Regional Dialogue and Twinning to Improve Transboundary Water Resources Governance in Africa
The GEF has funded one dozen multi-country African freshwater basin projects through foundational-type initial work worth 90 million US$. This proposal for a Medium Size Project (MSP) Grant from the GEF is to assist countries of these African basins to share experiences and catlayze partnerhips toward effecting policy reforms for governance and transitioning to needed investments. This will be done by supporting
- (i) the adoption and national ownership of a number of GEF-catalyzed partnerships on transboundary waters in Africa,
- (ii) the shift to systems thinking approaches by including groundwater, lakes and climate change considerations in shared basin planning and management.
- (iii) the strengthening of investment planning processes, and
- (iv) exchanges of GEF project experiences that can inform global policy dialogues such as the World Water Forum (WWF) in 2009..
At the broader development level, the MSP is expected to contribute to the achievement of MDGs and of the Johannesburg Plan of Implementation and reforms in the water sector. In particular, this MSP will help ensure that successful experiences in benefit sharing are replicated, that legal reforms support investments and that intersectoral coordination supports poverty reduction efforts in sectors underpinned by the use of water resources. This MSP has been designed to complement the upcoming Petersberg Process Africa Transboundary Basin Roundtable thus reflecting the priorities and concerns of African governments and stakeholders.
Water management needs in the Great Lakes region of Africa are acute, with inadequate institutions, policies and implementation capacity for effective watershed management. As part of a larger GEF project “Regional Dialogue to Improve Transboundary Water Resources Governance in Africa”, UNU-INWEH is undertaking a comparative study of management approaches by lake commissions in the African Great Lakes and Laurentian Great Lakes in North America.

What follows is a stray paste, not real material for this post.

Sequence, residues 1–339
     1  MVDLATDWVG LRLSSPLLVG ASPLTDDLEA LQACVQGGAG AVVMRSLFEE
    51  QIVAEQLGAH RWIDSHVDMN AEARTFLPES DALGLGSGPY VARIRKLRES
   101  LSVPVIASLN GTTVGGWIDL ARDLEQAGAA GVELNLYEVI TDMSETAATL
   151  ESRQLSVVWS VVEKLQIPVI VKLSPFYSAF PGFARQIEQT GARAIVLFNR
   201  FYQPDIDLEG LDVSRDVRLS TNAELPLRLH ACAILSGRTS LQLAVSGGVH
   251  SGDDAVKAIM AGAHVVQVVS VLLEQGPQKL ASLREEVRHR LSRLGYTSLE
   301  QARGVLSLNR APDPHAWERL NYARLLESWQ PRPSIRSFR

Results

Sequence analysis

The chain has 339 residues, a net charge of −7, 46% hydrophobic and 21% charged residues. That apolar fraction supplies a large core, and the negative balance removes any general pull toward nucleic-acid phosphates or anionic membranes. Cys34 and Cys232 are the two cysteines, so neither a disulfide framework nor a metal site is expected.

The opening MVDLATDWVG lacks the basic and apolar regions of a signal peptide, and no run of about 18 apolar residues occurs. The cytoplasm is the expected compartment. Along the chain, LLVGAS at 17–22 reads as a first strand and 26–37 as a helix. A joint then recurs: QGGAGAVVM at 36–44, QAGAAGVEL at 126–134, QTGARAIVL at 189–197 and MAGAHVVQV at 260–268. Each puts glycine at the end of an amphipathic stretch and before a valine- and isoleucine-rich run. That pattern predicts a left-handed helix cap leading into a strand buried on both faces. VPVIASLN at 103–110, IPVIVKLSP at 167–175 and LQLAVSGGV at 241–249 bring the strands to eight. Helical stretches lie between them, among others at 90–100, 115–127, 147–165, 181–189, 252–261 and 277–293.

This “Lake Twinning” project involves five lake commissions with similar mandates and a potential wealth of common interests, challenges and experiences, namely:
The International Joint Commission (IJC), as an independent advisor to prevent or resolve disputes between USA and Canada under the 1909 Boundary Waters Treaty.
The Great Lakes Fishery Commission (GLFC), established by Canada and USA in 1955.
The Lake Victoria Fisheries Organization (LVFO), established formed in 1994 by the three riparian states of Uganda, Kenya and Tanzania.
The Lake Victoria Basin Commission (LVBC), formed by The East African Community Council of Ministers in July 2005.
The Lake Tanganyika Authority (LTA), formally launched in December 2008 by four countries: the Republic of Burundi, the Democratic Republic of Congo (DR Congo), the United Republic of Tanzania and the Republic of Zambia
The Lake Twinning project aims to:
Facilitate policy, legal and institutional reform for transboundary waters management (quantity and quality) through comparative analysis
Enhance regional and national knowledge and capacity for the management and planning of shared water resource systems
Strengthen planning processes in shared water resources management, facilitating self-sustaining regional water institutions in Africa.
We anticipate that this project will lead to the development of a framework for collaboration on great lakes systems through enhanced science and policy linkages and that this framework will form the basis for longer term partnership between the commissions.
Tanganyika , Lake Victoria
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|Documents & Resources|
|Project type||Medium-Size Project|
|Status||closed (Project Closure)|
|Start Date||09 Jan 2008|
|End Date||30 Sep 2012|
|GEF Allocation to project||USD 1,000,000|
|Total Cost of the project:||USD 2,915,000|
United Nations Development Programme (UNDP)
Alice Aureli Chief Of Section
Janot-Reine Mendler de Suarez West Africa Focal point-IFRC
Adeel Zafar Director
Joseph Weiler Professor
Mirey Atallah Regional Technical Advisor Land Degradation and International Waters